The machine learning components used by the two variations of Oscar3 (Oscar3 stand-alone version and Oscar workflow) yield a confidence score, which is a likelihood estimate (see [41] for more details), to show the confidence in that annotation. In order to arrive at an optimum threshold for each of the corpora, we have plotted the ROC (A ROC curve is a receiver operating characteristic which plots the rate of true positives against the rate of false positives.) curves for each of the data sets. Shown in Figure 5 are the ROC curves for different combinations of data sets and Oscar3 variants.

Figure 5. ROC curves comparing the performance of various Oscar variants.

In all the four different experiments, Oscar workflow has a slight edge over the Oscar 3 variant.

Oscar vs. Oscar: One Variant against Another

As described earlier, currently there are two types of named entity recognisers, a MEMM-based and a pattern matching one. The MEMM-based versions were tested with two models; chempaper-M and pubmed-M.

The results are presented in terms of percentages of precision (P), recall (R) and F score (F). Table 1. shows the overall performance of both the variants of Oscar3 on Sciborg test data. The MEMM-driven systems were tested using both models (chempaper-M and pubmed-M) which are trained on Sciborg and PubMed training data respectively.

Table 1. Performance (%) of different variants of Oscar on Sciborg test data using the models trained on Sciborg data and PubMed data.

Table 2. shows the performances of Oscar3 with pattern recogniser (Oscar3 (PAT)) and as a workflow with pattern recogniser (Oscar workflow (PAT)) on the Sciborg test data.

Table 2. Performance of different Oscar pattern recogniser versions on Sciborg.

As described in Corbett et al. [41], Oscar3 can be tuned to filter out some false positives (Type I) errors based on a confidence score derived from the logit scores (see [41] for more details). At a confidence score of 0.42, Oscar3 as a workflow with MEMM recorded an F-score of 84.84% while Oscar3 with MEMM recorded 82.35% on the Sciborg data. It is also noteworthy that although the pattern recognition variants were less accurate than their MEMM counterparts, the workflow variant still outperforms its monolithic parent.

Table 3 shows the performance of the Oscar3 variants when used on the PubMed test set against models trained on Sciborg and PubMed training data sets. It can be observed that a different tokeniser gives an extra boost of 0.61% (84.84 by the workflow MEMM variant as against 84.23 by the Oscar3 variant) whilst retaining the same machine learning component and the model.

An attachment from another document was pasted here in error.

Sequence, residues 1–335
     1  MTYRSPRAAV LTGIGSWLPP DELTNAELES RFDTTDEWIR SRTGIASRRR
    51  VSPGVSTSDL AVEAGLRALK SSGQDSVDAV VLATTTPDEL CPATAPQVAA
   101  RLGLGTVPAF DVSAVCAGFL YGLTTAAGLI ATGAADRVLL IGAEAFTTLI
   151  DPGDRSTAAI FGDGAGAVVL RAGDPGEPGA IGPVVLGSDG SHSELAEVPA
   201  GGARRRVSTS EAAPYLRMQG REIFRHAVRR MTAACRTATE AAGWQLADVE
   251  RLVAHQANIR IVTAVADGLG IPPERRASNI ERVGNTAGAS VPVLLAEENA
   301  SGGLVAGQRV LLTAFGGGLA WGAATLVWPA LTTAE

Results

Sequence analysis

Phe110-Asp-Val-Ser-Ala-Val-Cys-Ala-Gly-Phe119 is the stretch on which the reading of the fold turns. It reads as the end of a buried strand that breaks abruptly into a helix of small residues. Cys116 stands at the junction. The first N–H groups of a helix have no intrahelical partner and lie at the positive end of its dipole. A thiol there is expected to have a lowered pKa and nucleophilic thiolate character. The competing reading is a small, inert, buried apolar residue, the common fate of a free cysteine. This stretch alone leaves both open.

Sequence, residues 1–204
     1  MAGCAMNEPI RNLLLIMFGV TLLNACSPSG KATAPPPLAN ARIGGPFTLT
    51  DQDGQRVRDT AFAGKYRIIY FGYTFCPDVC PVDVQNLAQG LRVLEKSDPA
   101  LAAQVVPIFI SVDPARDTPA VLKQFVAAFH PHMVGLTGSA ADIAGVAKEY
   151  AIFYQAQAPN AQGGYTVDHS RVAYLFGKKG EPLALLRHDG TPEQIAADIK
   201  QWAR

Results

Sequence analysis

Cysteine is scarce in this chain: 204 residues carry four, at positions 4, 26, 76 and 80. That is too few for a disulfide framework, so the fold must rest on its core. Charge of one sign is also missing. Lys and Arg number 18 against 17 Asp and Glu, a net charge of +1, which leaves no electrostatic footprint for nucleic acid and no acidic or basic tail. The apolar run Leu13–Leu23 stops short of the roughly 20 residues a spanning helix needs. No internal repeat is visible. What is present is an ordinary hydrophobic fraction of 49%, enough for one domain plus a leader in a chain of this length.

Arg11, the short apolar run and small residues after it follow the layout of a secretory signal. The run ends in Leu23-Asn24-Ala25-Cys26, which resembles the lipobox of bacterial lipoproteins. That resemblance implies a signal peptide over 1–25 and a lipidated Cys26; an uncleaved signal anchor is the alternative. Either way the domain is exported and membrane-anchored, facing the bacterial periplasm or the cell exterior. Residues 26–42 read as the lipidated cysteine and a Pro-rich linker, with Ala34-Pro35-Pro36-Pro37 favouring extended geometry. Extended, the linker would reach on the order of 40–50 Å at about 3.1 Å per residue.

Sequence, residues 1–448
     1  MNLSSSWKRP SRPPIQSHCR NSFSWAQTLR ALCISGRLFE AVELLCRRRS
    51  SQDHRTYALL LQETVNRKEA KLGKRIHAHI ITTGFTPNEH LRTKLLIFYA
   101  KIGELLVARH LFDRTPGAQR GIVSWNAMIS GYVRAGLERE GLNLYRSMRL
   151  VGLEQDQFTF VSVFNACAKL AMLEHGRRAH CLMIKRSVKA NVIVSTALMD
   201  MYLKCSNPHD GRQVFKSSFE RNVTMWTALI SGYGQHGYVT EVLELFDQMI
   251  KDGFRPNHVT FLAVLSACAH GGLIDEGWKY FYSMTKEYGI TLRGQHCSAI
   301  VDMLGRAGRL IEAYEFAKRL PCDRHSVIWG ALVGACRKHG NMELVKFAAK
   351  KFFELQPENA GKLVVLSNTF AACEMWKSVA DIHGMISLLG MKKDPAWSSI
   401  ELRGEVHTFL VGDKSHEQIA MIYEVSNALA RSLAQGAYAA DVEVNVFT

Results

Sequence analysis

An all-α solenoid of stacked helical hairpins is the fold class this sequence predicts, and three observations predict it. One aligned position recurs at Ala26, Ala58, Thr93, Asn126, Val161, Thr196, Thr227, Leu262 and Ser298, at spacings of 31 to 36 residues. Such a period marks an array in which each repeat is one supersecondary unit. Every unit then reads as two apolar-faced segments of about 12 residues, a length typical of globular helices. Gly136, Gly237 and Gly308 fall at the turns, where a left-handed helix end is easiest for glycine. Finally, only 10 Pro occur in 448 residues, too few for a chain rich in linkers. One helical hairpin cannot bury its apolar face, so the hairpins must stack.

Table 3. Performance of different variants of Oscar on PubMed test data using the models trained on Sciborg data and PubMed data.

Table 4 shows the performance of pattern-recognition based variants of Oscar3 and Oscar3 workflow on the Pubmed data. Although having lower scores than the MEMM variants, Oscar workflow (PAT) outperforms the Oscar3 (PAT) by 1.7%.

Table 4. Performance of different Oscar pattern recogniser versions on Pubmed.

Wren used the single-order Markov models to distinguish between chemical and non-chemical terms on Medline [46] corpus with an average precision of about 82.7% [10]. The work described here uses maximum entropy Markov models on 2 different corpora: Sciborg and PubMed. For this corpus, our approach recorded a precision of 90.31% and a recall of 85.66%. As the work by Wren ([10] ) and our approach vary on the corpora and methodology, we do not see it fair to compare head-to-head; however, our system does perform as well, if not better.


To observe the efficacy of workflows, we have used two sets of workflows, one each in pattern recognition based variant and the MEMM variant. As shown in Tables 1 and 2, the workflow variants of Oscar3 achieve better performance the two variants.

On the Sciborg, the workflow-based MEMM model achieved an F-score of 84.44% as opposed to 82.35% for Oscar3. We observed that this increase was due to removal of the dependency on SciXML conversions within the workflow.